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News in Immigration: Colorado Senate Passes Bipartisan Immigration Reform Resolution, And Other Stories

 

With the release of the Senate immigration bill last week and multiple hearings since then, it’s been a busy time in the world of immigration reform.  Here are some of the stories we wanted to make sure you haven’t missed.

  • Nearly the entire Colorado Senate today passed a bipartisan resolution urging Congress to pass immigration reform.  The vote tally was 33-2, with around a dozen Republicans voting in favor.  Remarks on the Senate floor recognized the importance of immigrants’ contributions to the social and economic fabric of the state of Colorado while acknowledging that the federal government’s inability to enact immigration reform has led to a patchwork of state laws that inadequately address immigration-related problems.

    As the sponsor of the resolution, state Senator Irene Aguilar (D-Denver) said: “It is important that we come together, Democrats and Republicans, to urge Congress to address one of the biggest issues facing our country today.  We need reform that is fair and humane, provides a roadmap to citizenship, strengthens our national security, protects American workers, and helps our economy thrive.”

    The resolution will move on to the Colorado House of Representatives, where it is expected to further gain bipartisan support.  If it passes, the resolution will be delivered to the US Speaker of the House, President of the US Senate, members of Colorado’s congressional delegation, and the Governor of Colorado.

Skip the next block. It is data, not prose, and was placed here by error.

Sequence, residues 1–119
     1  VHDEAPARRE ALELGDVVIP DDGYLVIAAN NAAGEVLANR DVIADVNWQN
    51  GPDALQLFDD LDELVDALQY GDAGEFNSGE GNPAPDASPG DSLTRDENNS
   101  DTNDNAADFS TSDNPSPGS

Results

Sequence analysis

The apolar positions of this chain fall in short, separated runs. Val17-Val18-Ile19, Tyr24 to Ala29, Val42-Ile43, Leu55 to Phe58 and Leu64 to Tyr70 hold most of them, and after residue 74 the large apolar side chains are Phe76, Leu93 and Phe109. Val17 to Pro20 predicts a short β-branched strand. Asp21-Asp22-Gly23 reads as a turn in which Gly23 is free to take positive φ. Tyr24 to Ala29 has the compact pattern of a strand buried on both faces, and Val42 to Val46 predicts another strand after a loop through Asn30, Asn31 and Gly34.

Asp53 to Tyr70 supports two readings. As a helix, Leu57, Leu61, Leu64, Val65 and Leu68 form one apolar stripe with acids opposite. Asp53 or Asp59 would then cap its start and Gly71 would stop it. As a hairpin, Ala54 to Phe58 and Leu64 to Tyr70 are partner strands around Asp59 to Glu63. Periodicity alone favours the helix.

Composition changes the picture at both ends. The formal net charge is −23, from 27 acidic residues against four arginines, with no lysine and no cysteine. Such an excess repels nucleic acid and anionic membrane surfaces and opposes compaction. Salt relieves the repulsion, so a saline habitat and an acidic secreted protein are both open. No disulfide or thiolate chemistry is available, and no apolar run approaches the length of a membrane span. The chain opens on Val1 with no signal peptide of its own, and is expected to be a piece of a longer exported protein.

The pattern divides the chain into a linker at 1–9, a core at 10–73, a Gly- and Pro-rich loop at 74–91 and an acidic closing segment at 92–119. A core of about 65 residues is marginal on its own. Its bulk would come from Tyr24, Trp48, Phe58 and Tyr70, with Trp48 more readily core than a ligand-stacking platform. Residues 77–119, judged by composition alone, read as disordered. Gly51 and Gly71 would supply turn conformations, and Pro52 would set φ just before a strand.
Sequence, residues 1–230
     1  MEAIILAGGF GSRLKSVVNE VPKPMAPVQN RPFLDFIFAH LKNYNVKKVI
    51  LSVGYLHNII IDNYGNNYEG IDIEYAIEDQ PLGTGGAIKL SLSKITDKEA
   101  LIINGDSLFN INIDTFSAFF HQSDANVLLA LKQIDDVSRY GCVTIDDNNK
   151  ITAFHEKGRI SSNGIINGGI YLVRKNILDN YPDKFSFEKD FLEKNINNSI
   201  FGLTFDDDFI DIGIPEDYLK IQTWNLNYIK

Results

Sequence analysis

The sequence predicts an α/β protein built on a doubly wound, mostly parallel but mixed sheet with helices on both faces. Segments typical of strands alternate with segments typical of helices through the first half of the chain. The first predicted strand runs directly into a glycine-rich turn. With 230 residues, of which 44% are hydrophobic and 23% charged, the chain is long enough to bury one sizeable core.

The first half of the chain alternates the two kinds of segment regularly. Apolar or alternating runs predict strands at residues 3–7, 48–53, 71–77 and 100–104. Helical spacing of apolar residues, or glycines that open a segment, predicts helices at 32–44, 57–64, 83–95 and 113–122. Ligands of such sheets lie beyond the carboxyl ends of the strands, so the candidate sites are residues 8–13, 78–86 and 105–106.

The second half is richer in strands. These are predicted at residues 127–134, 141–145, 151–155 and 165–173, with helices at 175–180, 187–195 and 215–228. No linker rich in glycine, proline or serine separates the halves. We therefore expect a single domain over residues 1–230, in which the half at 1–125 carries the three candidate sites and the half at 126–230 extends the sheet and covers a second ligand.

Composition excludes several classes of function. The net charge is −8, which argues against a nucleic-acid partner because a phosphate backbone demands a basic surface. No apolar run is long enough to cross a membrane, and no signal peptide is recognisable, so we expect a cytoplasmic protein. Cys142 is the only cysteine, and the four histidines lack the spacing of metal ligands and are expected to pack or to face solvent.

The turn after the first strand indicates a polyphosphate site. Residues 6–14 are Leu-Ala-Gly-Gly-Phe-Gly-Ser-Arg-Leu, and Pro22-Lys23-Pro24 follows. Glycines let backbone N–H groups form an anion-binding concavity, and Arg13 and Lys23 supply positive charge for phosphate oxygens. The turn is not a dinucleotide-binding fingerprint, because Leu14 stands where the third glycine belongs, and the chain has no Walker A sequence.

• Last week, over 100 current and former state attorney generals sent letters urging House and Senate leaders to move quickly on immigration reform.  The attorney generals made clear that they support common-sense immigration reform that secures our borders, keeps families together, addresses the 11 million aspiring Americans already living in the country, and improves public safely.

    As Mark Shurtleff, the former Republican Attorney General of Utah and a witness at Monday’s Senate Judiciary hearing on the bill, said in a statement, “With these two letters, the nation’s attorneys general signal the need for broad immigration reform that corrects the many harms caused by the current immigration system.  From improving border security to rebuilding trust between undocumented immigrants and their local law enforcement officers, the time is now to address these problems.”

  • The Sunflower Community Action group, a pro-immigrant grassroots organization, was also out in force this week at Monday’s Judiciary Committee hearing.  Fifty activists took a 22-hour-bus ride from Wichita, Kansas to Washington, DC for the hearing, where their Secretary of State (and opponent in immigration reform) Kris Kobach was testifying.  In their press conference outside the hearing, immigrants with Sunflower told their stories, advocated for the bill’s path to citizenship, and pressed legislators to pass a law that protects immigrant families.  The group also criticized Kobach’s statements, in which he doubled-down on self-deportation and called it “not some radical idea.”
  • The Mark Zuckerberg-backed super PAC, FWD.us, launched its first wave of TV ads advocating for immigration reform this week, specifically trying to shore up support for immigration reform among those on the right.  Fwd.us and its subsidiary group, the Americans for a Conservative Direction, will spend seven figures to run ads—mainly featuring Sen. Marco Rubio (R-FL)—in more than half a dozen states.